The manna thus served as a barometer of faith and a geiger counter for sin. "Just as the prophets would speak to the Jews [about crimes they hide] in holes and cracks, so too the manna would tell the Jews what [lurks] in the holes and cracks" (Yoma 75a). Manna fell at the front door of the righteous, but the less righteous you were, the further you had to travel to find your portion of manna (ibid). It was a symbiotic relationship: manna produced faith and faith produced manna.

Stop Praying?

When the Jews were trapped between the enemy and the sea, they were obviously terrified. Some began to cry out in prayer (14:10). Moshe said to the people, "Do not be afraid! Stand and watch the salvation of Hashem... Hashem will do battle for you, and you will be silent!" (14:13). Hashem then said to Moshe, "Why do you cry out to me? Speak to the Jews and move!" (14:14).

It is surprising enough to hear Moshe telling people to stop praying, stranger yet, Hashem tells Moshe to stop too! Why is everyone so down on prayer?

The Ohr HaChaim explains that prayer may be an appropriate response in a crisis, but it is not always sufficient. Sometimes extra merit is required for salvation and the call of the hour is not prayer, but an act of faith. The blind march of the people directly into the deadly waves was needed to induce the divine intervention that split the sea.

Once again we find that the manna and the sea share a basic feature. This time it is not the quality or the purpose of the miracle, but the driving force behind it: faith. Both at the sea and in the desert, acts of faith produced acts of God. The reason is easy to understand. When we rise above self-centered, predictable behavior and demonstrate our love with a sacrificial gesture, Hashem responds in kind, violating the natural order to reveal His love for us. Ironically, on both sides of the relationship, meaning is derived specifically from the needlessness of it all. As in human relationships, love between man and God finds expression in the things you don't have to do. (See Mesilas Yesharim, chap. 18)

Thursday, January 19, 2017

Give Love, Get Love: Why Moshe Was Chosen

Only thirty-two verses into the Book of Shemos and the Jewish People are already enslaved and oppressed, Pharaoh is engaged in genocide, and the young Moshe is comfortably ensconced in the royal palace. 

"And it happened in those days that Moshe grew up. He went out to his brethren, וירא בסבלותם, and he saw their burdens..." (2:11). 

Rashi explains. "He saw their burdens: נתן עיניו ולבו להיות מיצר עליהם. Translated literally, "He set his eyes and heart to be distressed about them." In plain English, Moshe invested the necessary effort to feel their pain. Although the phrase "he saw their burdens" is ambiguous, the introductory words "he went out to his brethren" indicates that Moshe was not a gawker or a journalist. Moshe cared about the Jews and related to them as a brother.

The depth of Moshe's empathy is described by the Midrash (Shemos Rabba 1:27).
"He saw their burdens" - What does "he saw" mean? [Moshe] saw their burdens and he cried. He said, "I feel your pain. I wish I could die for you! There is no labor more difficult than working with cement." He shouldered [their burdens] and helped everyone.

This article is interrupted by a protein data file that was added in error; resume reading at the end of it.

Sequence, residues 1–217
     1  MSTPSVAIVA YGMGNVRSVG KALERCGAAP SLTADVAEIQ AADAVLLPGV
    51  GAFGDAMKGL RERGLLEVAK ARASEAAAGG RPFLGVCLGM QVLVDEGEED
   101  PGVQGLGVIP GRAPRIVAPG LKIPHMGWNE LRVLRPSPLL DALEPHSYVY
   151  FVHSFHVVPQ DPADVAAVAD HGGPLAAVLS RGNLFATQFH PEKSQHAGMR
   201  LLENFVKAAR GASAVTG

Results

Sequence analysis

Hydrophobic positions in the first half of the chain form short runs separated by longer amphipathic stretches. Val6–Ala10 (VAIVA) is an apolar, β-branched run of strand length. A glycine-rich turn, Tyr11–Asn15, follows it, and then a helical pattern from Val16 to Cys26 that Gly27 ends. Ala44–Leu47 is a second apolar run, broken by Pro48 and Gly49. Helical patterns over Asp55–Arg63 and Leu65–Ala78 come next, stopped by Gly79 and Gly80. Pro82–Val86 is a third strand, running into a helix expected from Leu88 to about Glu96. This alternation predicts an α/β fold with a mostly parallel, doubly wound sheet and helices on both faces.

Rabbi Eliezer the son of Rabbi Yossi HaGalilee said, [Moshe] saw the burden of adults on children and the burden of children on adults, the burden of men on women and the burden of women on men, the burden of the elderly on the young and the burden of the young on the elderly. Abandoning his rank, he went and lightened their burdens. [He did it all] acting as if he was assisting Pharaoh.
God said, "You abandoned your own business and went to see the pain of the Jews and you treated them like brothers, I too will abandon the upper and lower realms and I will speak with you." This is what the verse states [by the burning bush]: "Hashem saw that he turned to look" (3:4), i.e., God saw that Moshe turned away from his own business to see their burdens, that is why "God called to him from within the bush..." (ibid). 
It was not the arrogance of noblesse oblige that motivated Moshe's charitable activities, nor feelings of guilt for his privileged position. Moshe was driven by a simple and pure love for his fellow Jews, his "brethren." However, the Midrash makes it clear that the selection of Moshe was not due to his love for the Jews or even for attempting to alleviate their suffering. Moshe was chosen specifically because he abandoned his rank and went down into the trenches. This elicited a matching divine response: "I too will abandon the upper and lower realms and I will speak with you." 

The Good Kapos

To help oversee the massive slave population, the Egyptians appointed Jews to serve as taskmasters, similar to the system of Kapos implemented millennia later by the Nazis. When Pharaoh gave the order to cease providing straw for bricks, it became the responsibility of the Jewish taskmasters to enforce the quota. Jews scoured the countryside in search of straw, but they came up short. 
The Jewish taskmasters appointed by Pharaoh's supervisors were beaten... The Jewish taskmasters went and cried to Pharaoh, "Why have you done this to your servants? Your servants are not provided with straw and we are told to make bricks?! Your servants were beaten! It is a national injustice!" [Pharaoh] replied, "You are lazy! Lazy! That is why you say let us go bring offerings to Hashem..."  
Rashi quotes a Midrash: